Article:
Tribute to Olivia - Producers of the West End production of Grease have dedicated the rest of its run to the memory of Olivia Newton-John, who has died aged 73. Newton-John, best known for playing Sandy in the 1978 film Grease, died on 8 August, with a statement from her family saying she passed away “peacefully” at her Ranch in Southern California, surrounded by family and friends. “Olivia has been a symbol of triumphs and hope for over 30 years sharing her journey with breast cancer,” it said.
A stage production of Grease is currently running at the Dominion Theatre in London, which is produced by Colin Ingram for InTheatre Productions, Donovan Mannato, Playing Field, Gavin Kalin and Curve.
Paying tribute, the producers said: “Olivia Newton-John is an icon who has inspired countless young performers across the world, not least our company of Grease in the West End. It is a huge honour to perform songs that she made world famous for thousands of fans, who continue to celebrate the legacy of this musical and her incredible talent.”
They added: “Our thoughts are with Olivia’s family and loved ones at this difficult time. We’d like to dedicate this evening’s performance and the rest of our run to Olivia’s memory and everything she represented.”
Music Education - A government-led national service for music education has been proposed as part of a report calling for all children to have access to high-quality music lessons. The service would consist of a national coordinating body – which could be within Arts Council England – and a network of local organisations to provide services similar to music hubs.
The report, called A National Music Service: how to ensure every child can access a good music education, was created by the Musicians’ Union and political think tank the Fabian Society. It warns that many young people in England are being denied access to good quality music education in schools, with the budget for music education hubs – which provide music lessons – having been cut by 17% in real terms since 2011.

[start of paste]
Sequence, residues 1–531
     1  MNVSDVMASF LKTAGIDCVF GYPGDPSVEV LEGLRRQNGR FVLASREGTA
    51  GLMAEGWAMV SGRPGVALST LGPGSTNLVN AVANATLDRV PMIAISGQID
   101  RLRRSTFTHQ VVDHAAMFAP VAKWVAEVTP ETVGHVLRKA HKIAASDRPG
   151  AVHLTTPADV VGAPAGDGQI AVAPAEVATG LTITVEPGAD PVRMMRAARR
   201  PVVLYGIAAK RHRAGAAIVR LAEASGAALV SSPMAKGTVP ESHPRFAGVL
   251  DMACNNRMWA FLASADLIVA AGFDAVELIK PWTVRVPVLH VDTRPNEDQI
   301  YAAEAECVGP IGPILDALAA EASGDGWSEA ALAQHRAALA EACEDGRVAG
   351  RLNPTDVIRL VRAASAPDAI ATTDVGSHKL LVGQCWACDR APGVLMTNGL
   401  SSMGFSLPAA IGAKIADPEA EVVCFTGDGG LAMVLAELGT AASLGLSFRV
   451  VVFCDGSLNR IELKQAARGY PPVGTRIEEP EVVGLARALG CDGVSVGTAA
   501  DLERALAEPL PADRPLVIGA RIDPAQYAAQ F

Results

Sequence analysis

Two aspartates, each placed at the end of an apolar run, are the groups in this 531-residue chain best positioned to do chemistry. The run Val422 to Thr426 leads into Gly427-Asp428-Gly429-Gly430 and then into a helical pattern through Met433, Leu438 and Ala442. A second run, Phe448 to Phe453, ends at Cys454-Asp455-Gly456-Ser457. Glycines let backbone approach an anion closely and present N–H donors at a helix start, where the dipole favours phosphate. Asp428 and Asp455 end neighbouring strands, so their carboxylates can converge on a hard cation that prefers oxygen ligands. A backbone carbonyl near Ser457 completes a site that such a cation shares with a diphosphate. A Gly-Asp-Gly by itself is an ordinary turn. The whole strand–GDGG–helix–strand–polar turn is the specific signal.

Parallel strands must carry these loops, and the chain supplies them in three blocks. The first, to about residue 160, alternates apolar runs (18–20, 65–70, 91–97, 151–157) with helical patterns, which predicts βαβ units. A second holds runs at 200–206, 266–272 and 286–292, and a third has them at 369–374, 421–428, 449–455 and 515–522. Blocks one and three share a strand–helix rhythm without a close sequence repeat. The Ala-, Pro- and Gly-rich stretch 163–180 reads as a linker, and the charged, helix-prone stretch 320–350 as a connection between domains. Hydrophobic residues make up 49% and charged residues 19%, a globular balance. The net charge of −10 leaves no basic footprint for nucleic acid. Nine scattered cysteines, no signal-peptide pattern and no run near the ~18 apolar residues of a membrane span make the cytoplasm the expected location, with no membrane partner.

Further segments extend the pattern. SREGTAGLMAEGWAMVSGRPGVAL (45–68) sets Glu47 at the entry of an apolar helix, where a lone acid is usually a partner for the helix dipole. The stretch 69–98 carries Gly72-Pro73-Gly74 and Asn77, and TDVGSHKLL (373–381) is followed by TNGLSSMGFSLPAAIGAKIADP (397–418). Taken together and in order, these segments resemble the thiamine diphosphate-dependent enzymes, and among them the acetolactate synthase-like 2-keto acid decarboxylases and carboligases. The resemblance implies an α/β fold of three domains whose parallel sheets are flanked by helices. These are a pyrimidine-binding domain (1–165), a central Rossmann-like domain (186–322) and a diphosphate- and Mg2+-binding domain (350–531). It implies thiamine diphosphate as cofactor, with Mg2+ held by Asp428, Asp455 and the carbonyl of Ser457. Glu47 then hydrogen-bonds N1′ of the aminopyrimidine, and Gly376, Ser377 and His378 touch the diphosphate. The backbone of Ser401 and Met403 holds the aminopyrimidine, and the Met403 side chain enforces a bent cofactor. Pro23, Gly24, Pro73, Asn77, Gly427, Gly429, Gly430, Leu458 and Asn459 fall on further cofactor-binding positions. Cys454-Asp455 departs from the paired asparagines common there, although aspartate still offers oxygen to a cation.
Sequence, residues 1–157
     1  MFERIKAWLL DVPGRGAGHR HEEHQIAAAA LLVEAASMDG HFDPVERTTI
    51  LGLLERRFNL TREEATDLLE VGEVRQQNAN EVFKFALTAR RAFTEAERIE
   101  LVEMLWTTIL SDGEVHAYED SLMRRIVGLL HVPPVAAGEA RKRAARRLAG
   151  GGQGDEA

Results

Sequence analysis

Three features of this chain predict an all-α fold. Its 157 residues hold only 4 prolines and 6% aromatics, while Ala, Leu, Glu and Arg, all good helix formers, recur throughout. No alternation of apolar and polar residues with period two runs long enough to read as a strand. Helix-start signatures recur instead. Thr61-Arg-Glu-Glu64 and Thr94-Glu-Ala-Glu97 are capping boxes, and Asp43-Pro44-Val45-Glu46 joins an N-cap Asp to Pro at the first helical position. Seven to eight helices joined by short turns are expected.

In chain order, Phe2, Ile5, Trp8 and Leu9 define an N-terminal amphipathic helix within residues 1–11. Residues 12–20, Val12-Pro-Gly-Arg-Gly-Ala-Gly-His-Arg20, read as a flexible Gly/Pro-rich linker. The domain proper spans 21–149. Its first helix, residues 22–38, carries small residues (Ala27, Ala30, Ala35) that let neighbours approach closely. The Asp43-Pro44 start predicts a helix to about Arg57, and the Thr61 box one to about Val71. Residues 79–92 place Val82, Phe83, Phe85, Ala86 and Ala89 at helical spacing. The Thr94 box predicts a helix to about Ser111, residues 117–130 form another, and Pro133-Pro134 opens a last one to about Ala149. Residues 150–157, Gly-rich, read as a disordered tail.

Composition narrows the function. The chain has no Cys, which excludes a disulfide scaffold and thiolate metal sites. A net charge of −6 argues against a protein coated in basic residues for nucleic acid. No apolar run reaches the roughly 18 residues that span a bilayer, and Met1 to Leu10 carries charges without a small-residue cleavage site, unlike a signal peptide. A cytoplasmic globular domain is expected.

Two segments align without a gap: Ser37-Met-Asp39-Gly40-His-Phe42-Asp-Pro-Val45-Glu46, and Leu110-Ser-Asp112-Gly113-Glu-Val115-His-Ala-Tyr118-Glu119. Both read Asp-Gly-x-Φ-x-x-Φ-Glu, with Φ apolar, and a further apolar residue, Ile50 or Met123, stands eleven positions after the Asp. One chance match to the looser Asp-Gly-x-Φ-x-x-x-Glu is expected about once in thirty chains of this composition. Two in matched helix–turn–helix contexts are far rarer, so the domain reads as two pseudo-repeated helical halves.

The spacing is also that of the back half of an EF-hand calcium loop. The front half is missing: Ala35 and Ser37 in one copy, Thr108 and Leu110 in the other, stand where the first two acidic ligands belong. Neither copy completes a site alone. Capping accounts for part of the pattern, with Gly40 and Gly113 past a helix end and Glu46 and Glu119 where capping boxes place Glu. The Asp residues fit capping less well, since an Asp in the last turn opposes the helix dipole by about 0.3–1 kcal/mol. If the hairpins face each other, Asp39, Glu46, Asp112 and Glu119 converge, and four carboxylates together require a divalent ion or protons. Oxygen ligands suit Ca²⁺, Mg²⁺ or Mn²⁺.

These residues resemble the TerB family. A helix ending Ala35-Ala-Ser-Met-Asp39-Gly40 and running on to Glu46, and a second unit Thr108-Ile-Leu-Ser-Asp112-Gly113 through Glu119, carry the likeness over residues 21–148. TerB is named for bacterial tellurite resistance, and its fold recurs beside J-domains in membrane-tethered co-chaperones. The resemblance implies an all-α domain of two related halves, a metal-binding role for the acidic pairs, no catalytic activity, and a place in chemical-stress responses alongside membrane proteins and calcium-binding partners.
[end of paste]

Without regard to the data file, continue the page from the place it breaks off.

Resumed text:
The National Music Service would "offer national leadership and consistency in bringing together the music sector and schools – without stifling local identity, innovation and knowledge". The report also recommends a National Music Service for Wales as well as England.
Birmingham Rocks - Birmingham rocker Ozzy Osbourne made a surprise appearance to bring the curtain down on the Commonwealth Games. Osbourne and his band Black Sabbath received a rapturous ovation from the 30,000 capacity crowd at the Alexander Stadium as they provided a fitting climax to a star-studded closing ceremony.
The 73-year-old 'Prince of Darkness' has not performed for several years due to ill health. "I love you, Birmingham - it's good to be back!" he shouted as he rose through the stage to round off the show with classic hit Paranoid. Earlier, other famed Brummie acts including Dexys Midnight Runners, Apache Indian, Musical Youth, UB40 and Panjabi MC entertained the crowd with classic hits amid a parade featuring hundreds of athletes who competed during the 11-day Games.
Final Curtain - Get Up Stand Up! The Bob Marley Musical will close in January next year. It will end its run on 8 January, having played 15 months in the West End. Following its run in London it will tour the UK, with details to be announced.
Its producers said: “Bob Marley’s music is inspirational to millions of people around the world. We are so proud to have launched this brilliant musical about his life and music in London’s West End and to have brought his legacy to the stage. We are very excited to be planning the future adventures of Get Up Stand Up! which include a UK and international tour, a North American production and a soon to be available original cast recording.”
The show is one of several that will close in January next year, alongside Mary Poppins, which also ends on 8 January and Come From Away.
(Jim Evans)
9 August 2022

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